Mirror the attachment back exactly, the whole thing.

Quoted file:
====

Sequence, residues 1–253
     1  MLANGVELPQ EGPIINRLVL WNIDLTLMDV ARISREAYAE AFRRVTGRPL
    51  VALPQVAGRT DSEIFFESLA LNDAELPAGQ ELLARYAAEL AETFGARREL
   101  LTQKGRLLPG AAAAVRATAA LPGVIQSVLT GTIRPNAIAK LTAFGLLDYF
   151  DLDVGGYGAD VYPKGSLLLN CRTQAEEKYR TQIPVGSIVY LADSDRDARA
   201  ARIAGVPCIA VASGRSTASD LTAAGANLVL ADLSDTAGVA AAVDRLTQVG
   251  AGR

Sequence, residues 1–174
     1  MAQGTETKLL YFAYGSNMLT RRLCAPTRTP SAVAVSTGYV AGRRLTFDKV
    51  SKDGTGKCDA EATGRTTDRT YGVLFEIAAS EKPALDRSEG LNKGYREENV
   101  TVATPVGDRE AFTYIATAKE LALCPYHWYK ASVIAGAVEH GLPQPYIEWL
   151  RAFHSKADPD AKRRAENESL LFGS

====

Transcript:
Sequence, residues 1–253
     1  MLANGVELPQ EGPIINRLVL WNIDLTLMDV ARISREAYAE AFRRVTGRPL
    51  VALPQVAGRT DSEIFFESLA LNDAELPAGQ ELLARYAAEL AETFGARREL
   101  LTQKGRLLPG AAAAVRATAA LPGVIQSVLT GTIRPNAIAK LTAFGLLDYF
   151  DLDVGGYGAD VYPKGSLLLN CRTQAEEKYR TQIPVGSIVY LADSDRDARA
   201  ARIAGVPCIA VASGRSTASD LTAAGANLVL ADLSDTAGVA AAVDRLTQVG
   251  AGR

Sequence, residues 1–174
     1  MAQGTETKLL YFAYGSNMLT RRLCAPTRTP SAVAVSTGYV AGRRLTFDKV
    51  SKDGTGKCDA EATGRTTDRT YGVLFEIAAS EKPALDRSEG LNKGYREENV
   101  TVATPVGDRE AFTYIATAKE LALCPYHWYK ASVIAGAVEH GLPQPYIEWL
   151  RAFHSKADPD AKRRAENESL LFGS